Campania.
o Sampling design based on where people lived/worked and where tenant/landlord approved of
sampling, vice an even-spatial distribution of sampling locations throughout the region.
o Representativeness of a single sampling event for a specific residence or to evaluate long-
term exposure.
o Lack of long-term sampling to estimate long-term exposures.
o Spatial sampling density in representing a 395 square-mile area.
o Passive soil gas sample results that were difficult to quantitate.
o Identification of chemicals in soil gas that may be associated with vapor intrusion.
o Uncertainties associated with lines-of-evidence for distinguishing between a vapor intrusion
chemical of potential concern (VI-COPC) and a non VI-COPC, and between a global VI-
COPC and a localized VI-COPC.
o Vapor attenuation factors used to predict indoor air concentrations from soil gas.
o Determination of well water versus municipal water.
o Impact of analytical data on the SRE.
o Tetra Tech determined that naphthalene and acetaldehyde in soil gas was deemed to be of
insufficient quality for incorporation in a quantitative risk assessment.
o Lack of speciated or radionuclide screening analysis results for locations with radionuclides
in tap water due to lack of access to obtain data.
o Step-out sampling data gaps.
o Determining representative background concentrations of inorganic chemicals in soil and tap
water.
o Determining representative background concentrations of chemicals in ambient urban air
o Conceptual Site Model and exposure assumptions.
o Toxicity values.
These key uncertainties
In summary, while there is uncertainty in this SRE with regard to the representativeness of the analytical
data, data quality itself is not an issue. In all cases where uncertainty existed in the assessment,
assumptions and inputs were selected to err such that site risks would not be underestimated. These
uncertainties did not impact the confidence in the conclusions of the assessment. Nevertheless, as stated
in the Preface, the screening risk assessment procedures used in the PHE were developed to inform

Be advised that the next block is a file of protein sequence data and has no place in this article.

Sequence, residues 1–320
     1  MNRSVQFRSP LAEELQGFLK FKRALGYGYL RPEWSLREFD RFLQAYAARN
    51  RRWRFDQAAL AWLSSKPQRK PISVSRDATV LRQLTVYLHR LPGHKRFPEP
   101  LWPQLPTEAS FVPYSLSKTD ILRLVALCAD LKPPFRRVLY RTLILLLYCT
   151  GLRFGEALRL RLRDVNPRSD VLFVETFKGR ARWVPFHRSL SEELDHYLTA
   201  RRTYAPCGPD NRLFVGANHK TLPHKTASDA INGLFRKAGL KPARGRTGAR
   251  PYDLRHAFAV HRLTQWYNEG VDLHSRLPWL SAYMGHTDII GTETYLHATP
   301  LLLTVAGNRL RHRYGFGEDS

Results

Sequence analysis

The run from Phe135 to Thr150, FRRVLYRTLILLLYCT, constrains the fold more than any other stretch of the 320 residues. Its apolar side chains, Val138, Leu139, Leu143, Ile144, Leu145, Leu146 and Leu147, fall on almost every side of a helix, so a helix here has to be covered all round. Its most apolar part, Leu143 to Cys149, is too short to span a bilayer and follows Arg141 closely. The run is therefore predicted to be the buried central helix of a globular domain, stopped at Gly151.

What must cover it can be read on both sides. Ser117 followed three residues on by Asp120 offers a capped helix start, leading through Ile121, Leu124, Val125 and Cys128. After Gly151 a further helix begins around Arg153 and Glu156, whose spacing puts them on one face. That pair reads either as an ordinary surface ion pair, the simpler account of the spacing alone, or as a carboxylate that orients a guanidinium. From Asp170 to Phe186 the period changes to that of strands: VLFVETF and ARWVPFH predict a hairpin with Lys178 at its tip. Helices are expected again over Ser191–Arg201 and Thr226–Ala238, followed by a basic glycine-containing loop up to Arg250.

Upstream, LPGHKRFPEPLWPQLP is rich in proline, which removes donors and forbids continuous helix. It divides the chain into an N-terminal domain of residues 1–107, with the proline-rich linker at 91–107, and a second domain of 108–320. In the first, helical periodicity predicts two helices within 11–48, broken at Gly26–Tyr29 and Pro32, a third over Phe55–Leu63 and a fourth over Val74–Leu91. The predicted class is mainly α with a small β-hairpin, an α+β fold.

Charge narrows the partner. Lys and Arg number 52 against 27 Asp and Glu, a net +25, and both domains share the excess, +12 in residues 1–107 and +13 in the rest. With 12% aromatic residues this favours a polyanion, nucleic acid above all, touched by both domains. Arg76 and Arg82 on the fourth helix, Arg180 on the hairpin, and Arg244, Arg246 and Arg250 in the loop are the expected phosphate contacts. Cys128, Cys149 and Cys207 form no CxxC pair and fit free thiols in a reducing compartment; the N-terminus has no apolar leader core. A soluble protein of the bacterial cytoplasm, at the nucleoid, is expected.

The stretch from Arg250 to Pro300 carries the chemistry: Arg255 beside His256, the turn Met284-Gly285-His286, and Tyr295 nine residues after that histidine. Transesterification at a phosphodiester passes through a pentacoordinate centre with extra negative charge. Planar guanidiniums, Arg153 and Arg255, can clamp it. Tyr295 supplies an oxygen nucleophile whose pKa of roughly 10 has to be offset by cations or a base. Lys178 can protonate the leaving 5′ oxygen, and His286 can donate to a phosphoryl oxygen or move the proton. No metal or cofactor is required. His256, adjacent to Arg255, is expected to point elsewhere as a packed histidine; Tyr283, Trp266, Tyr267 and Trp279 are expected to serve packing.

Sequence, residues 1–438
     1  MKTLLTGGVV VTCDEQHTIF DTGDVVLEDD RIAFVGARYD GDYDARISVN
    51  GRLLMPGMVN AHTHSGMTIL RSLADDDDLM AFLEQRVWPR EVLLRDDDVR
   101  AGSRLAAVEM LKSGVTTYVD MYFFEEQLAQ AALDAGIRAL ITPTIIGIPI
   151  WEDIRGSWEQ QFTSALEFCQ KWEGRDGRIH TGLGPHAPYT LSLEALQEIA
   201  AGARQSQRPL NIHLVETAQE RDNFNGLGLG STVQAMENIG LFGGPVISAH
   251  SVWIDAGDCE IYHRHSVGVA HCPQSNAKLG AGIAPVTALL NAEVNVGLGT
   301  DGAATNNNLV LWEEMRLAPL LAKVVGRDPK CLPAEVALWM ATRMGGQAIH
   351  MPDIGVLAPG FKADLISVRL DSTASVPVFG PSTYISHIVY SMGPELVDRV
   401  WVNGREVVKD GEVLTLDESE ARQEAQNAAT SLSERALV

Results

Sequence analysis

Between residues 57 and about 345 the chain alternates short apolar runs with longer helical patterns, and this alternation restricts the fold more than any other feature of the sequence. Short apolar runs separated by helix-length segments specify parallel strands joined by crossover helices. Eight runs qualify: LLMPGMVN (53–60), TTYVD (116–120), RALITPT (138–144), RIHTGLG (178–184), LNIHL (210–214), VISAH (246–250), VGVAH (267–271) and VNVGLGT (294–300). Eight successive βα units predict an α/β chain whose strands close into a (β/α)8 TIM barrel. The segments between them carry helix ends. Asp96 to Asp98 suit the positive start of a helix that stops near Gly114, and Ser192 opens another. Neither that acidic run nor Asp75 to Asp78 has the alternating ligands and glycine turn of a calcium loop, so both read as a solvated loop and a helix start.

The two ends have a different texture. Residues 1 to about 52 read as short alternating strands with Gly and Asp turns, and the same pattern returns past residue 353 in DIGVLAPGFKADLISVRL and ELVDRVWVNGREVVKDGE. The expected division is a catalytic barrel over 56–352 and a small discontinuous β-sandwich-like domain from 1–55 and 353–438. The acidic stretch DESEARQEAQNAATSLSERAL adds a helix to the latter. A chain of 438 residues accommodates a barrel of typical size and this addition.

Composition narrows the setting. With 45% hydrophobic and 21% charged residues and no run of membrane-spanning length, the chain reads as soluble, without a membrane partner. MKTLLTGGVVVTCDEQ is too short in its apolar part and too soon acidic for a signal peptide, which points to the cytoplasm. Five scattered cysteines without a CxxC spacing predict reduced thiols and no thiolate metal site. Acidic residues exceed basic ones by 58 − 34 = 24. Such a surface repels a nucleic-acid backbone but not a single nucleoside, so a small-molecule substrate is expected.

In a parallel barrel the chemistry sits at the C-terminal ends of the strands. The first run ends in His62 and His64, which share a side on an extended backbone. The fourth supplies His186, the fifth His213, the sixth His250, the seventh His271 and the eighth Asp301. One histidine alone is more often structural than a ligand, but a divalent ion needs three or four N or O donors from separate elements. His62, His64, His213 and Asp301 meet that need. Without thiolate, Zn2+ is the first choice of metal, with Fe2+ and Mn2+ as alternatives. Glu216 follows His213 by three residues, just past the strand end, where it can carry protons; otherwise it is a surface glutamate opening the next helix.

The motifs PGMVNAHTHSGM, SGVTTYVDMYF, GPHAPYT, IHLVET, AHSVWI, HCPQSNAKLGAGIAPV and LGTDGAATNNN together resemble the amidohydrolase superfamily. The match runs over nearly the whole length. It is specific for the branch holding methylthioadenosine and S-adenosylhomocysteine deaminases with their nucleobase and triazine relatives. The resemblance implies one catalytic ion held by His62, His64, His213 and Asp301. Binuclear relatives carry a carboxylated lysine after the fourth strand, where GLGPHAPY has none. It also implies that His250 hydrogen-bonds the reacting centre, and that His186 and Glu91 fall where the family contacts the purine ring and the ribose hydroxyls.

management decisions, and the results do not provide absolute statements about health and environmental
effects or expected, actual risks.
are discussed in detail in Volume II, Section 5 (PIONEER, 2010).
3.2 Findings Based on Lines of Evidence Evaluated in the PHE
Because of the limitations and uncertainties inherent in the PHE, it was necessary to evaluate multiple
lines of evidence that were available, in order to provide a broader holistic assessment of the public health
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risks to USN personnel in the Campania region. There are numerous approaches for evaluating multiple
lines of evidence and typically their evaluation relies, at least partially, on using best professional
judgment. This was true for the PHE with its inherent challenges and evolving nature due to day-to-day
changes in information and knowledge, requiring constant adaptation.
Primary lines of evidence evaluated were obtained from sampling results and observations described in
the below listed documents or as a result of the below listed issues:
USN Phase I Volume I Environmental Testing Support Assessment Report (Tetra Tech, 2008)
USN Phase II Volume I Environmental Testing Support Assessment Report (Tetra Tech, 2010)
USN Phase I Volume II Screening Risk Evaluation (PIONEER, 2009)
USN Phase II Volume II Screening Risk Evaluation (PIONEER, 2010)
USN Phase II Volume III Public Health Summary (NMCPHC, 2011)
USN Epidemiological and Food Studies
USN NSA Naples/NSA Agnano Historical Information
PHE Phase I and Phase II Report environmental testing results (air, water, soil, soil gas) of 543
residences on the economy in Campania, indicate a high degree of contamination of tap water in
some areas for residences on private wells and, to a lesser extent, for those using a public
drinking water source; and for soil gas, widespread frequency and distribution of Unacceptable
homes throughout the nine study areas.
Commercial and Residential Development - In Study Areas 5, 6, 7, 8 and 9, development in
these formally rural areas that were more susceptible to illegal dumping of hazardous waste, now
increases the possibility (and attendant uncertainty) of living in housing that may be built over
waste sites in these areas.
Cyclical trash crises dating back to 1994, when the first trash emergency was declared, which
lasted 12 years with little improvement in the construction of landfills and/or incinerators,